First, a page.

CDK4 antibody (DCS-35: sc-23896, 1:500) was purchased from Santa Cruz Biotechnology (Dallas, TX, USA) and the actin antibody (ACTN05, 1:2,000) from Thermo Fisher Scientific (Waltham, MA, USA). Protein concentrations were determined using the micro bicinchoninic acid protein assay (Pierce Chemical Company, Rockford, IL, USA). PNT2258 and associated reagents were provided by ProNAi Therapeutics (Plymouth, MI, USA). The drug PNT2258 consists of a 24 base unmodified DNA phosphodiester oligonucleotide encapsulated in amphoteric proprietary liposomes as previously described.8
PNT2258-treated and untreated cells were harvested, washed in phosphate-buffered saline, and lysed in M-PER lysis buffer containing a protease and phosphatase inhibitor cocktail (Thermo Fisher Scientific).9 Equal amounts of protein lysates were subjected to sodium dodecyl sulfate-polyacrylamide gel electrophoresis followed by blotting with the indicated antibodies and detection by Western SuperSignal West Pico Chemiluminescent Substrate reagents (Thermo Fisher Scientific). Select images were quantified using the ImageJ densitometry software (version 1.45; US National Institutes of Health, Bethesda, MD, USA) and normalized to the actin signal. Data are presented as relative band signal intensity compared to control.
Data analysis and statistical significance
Statistics were conducted using GraphPad Prism 5.0 for Windows (GraphPad Software, Inc, La Jolla, CA, USA) and tests were done with one-way analysis of variance (*P<0.05, **P<0.01, ***P<0.001). P-values <0.05 were considered to be statistically significant. Results are displayed as averages with error bars indicating standard deviations. ImageJ (National Institute of Mental Health, Bethesda, MD, USA) densitometry software was used for quantification of Western blot bands. Selected bands were quantified based on their relative integrated intensities, calculated as the product of the selected pixel area and the mean gray value for those pixels normalized to the internal control.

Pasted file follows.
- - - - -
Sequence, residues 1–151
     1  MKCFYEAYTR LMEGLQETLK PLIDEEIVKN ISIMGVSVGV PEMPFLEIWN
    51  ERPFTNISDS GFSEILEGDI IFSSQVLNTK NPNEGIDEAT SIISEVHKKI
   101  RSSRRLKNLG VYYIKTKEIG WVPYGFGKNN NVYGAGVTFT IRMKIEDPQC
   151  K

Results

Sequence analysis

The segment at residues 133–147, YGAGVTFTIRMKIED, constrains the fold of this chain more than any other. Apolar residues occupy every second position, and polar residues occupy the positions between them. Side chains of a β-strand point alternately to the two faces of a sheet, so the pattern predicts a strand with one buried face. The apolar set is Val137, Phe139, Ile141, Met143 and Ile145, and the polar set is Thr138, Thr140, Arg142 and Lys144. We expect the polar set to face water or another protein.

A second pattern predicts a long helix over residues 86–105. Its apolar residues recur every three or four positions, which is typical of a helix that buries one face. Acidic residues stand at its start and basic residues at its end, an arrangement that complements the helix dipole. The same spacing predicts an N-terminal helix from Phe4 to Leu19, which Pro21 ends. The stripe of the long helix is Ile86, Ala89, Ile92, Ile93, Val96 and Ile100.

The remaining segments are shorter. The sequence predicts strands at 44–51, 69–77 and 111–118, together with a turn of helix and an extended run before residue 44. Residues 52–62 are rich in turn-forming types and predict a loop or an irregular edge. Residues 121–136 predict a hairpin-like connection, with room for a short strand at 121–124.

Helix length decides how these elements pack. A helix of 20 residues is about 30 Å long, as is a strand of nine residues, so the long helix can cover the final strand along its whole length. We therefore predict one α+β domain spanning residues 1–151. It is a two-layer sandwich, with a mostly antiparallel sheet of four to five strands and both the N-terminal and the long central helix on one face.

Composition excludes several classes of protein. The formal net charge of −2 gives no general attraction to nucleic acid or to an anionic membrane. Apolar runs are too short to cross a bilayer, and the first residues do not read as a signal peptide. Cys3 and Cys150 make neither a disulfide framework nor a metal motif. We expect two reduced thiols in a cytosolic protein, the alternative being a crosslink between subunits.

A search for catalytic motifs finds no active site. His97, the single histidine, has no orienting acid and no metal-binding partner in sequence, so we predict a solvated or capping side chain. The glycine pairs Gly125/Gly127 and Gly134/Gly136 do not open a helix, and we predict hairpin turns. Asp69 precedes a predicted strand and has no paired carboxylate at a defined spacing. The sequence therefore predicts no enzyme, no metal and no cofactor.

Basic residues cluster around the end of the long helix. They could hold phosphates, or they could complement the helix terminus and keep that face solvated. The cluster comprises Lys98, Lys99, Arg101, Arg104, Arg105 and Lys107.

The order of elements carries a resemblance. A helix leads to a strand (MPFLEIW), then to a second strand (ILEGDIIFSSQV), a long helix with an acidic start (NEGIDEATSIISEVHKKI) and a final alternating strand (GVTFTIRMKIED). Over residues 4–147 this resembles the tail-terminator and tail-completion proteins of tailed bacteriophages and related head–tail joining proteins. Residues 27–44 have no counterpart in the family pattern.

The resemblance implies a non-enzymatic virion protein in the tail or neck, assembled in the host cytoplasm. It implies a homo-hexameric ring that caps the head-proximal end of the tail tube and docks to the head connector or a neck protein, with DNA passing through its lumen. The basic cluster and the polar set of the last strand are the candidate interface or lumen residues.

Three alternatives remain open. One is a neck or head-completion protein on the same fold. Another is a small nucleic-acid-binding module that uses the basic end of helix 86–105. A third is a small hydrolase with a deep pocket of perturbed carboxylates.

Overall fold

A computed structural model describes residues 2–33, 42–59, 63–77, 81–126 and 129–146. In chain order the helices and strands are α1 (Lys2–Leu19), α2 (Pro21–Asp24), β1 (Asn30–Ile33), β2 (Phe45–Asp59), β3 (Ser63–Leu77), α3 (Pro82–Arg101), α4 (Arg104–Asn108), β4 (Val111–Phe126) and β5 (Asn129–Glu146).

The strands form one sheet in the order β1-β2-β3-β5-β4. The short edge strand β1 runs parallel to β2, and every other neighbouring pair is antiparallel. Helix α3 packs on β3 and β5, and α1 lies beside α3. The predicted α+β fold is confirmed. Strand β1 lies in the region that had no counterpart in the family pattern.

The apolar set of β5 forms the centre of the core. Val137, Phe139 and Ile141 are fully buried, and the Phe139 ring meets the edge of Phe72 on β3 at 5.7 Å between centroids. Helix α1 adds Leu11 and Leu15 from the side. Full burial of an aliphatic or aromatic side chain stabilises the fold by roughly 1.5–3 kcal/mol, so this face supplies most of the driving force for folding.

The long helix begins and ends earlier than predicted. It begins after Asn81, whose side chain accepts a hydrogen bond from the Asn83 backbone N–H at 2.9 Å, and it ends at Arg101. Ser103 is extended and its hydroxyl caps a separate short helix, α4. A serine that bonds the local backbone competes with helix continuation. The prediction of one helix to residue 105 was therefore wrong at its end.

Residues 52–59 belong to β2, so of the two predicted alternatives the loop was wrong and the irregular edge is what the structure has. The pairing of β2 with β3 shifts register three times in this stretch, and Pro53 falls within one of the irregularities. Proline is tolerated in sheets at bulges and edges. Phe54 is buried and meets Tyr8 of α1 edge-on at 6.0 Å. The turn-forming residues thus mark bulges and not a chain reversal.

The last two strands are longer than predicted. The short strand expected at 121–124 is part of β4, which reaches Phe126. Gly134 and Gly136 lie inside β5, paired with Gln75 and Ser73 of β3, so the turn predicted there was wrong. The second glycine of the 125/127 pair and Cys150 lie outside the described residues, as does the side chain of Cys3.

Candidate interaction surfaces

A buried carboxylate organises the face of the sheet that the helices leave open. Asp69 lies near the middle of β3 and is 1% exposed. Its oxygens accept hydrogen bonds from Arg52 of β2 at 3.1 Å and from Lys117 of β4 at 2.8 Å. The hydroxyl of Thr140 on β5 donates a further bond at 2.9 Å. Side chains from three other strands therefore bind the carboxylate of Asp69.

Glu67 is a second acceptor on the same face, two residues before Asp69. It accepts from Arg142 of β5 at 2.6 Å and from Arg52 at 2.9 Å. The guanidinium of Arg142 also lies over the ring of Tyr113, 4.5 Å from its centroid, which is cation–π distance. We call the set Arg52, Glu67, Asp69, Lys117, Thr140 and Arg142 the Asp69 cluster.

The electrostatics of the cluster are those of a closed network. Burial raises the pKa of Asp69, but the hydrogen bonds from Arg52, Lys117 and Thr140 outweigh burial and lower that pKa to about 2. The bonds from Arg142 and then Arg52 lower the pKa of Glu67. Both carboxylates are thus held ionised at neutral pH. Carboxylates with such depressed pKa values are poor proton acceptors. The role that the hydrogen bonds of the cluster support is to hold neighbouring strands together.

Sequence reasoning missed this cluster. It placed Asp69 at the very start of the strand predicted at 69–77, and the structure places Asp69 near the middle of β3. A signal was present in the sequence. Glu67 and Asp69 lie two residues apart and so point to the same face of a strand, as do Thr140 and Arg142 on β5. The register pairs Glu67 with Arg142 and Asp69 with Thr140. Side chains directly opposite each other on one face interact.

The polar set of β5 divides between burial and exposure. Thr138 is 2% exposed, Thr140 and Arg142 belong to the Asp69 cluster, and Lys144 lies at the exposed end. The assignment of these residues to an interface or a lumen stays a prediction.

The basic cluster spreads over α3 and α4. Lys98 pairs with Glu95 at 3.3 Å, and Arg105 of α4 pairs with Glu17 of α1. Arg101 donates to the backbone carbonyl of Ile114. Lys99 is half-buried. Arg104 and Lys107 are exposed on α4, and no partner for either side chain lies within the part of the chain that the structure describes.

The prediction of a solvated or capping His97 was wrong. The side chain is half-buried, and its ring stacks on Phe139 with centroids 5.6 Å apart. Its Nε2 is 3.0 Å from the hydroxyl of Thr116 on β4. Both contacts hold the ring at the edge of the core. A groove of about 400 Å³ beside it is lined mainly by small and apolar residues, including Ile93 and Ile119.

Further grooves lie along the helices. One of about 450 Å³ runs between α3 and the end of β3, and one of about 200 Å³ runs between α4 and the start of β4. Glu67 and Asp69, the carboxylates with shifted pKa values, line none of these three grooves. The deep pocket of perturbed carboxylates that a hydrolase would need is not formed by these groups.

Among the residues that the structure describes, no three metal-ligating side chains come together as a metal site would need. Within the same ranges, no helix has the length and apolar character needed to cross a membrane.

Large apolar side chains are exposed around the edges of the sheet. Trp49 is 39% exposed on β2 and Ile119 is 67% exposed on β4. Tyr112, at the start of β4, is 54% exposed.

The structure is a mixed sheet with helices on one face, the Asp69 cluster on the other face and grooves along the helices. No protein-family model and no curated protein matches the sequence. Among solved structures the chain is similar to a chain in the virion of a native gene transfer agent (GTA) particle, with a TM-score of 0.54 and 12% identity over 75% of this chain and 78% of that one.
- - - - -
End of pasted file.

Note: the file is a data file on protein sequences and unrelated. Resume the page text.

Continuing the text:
BLAST search identifies multiple targets for the PNT2258 DNAi oligonucleotides
The BLAST homology search showed that PNT100 does fully bind to the BCL-2 gene as predicted. However, portions of PNT100 sequence averaging 13–14 bases showed 100% identity with four different genes: CDK4, insulin-like growth factor-1 receptor (IGF-1R), p21-activated kinase 3, and transferrin receptor (TFRC/CD71). As expected, CDK4, IGF-1R, and TFRC are involved in cell cycle regulation. CDK4, IGF-1R, and TFRC may also modulate cell cycle/cell death via effects on cell metabolism. Specifically, there was 100% homology in 14 bases (8–21) between PNT100 and CDK4 (Figure 1) which is the subject of this report.
PNT2258 represses the CDK4 promoter
We have previously reported that the 24 bases PNT100 sequence included within PNT2258 is complementary to a segment of the consensus sequence recognized by the Sp1 transcription factor in the BCL-2 P1 promoter.9 To examine whether a putative region in the CDK4 promoter confers PNT2258 responsiveness, we transiently transfected K562 cells with a plasmid containing a 404-bp long CDK4 promoter construct before exposure to PNT2258 for 48 hours. As shown in Figure 2, PNT2258 strongly downregulated CDK4 promoter activity.
PNT2258 downregulates CDK4 protein in lymphoma cells
We examined whether PNT2258 inhibits CDK4 expression in lymphoma cells. Western blot analysis revealed that CDK4 protein levels were significantly decreased 24 through 72 hours following exposure to 2.5 μM PNT2258 in WSU-FSCCL and WSU-WM cells (Figure 3A and B). However, the CDK4 protein levels in WSU-DLCL2 cells were lower at 48–72 hours, but were not statistically significant (Figure 3C).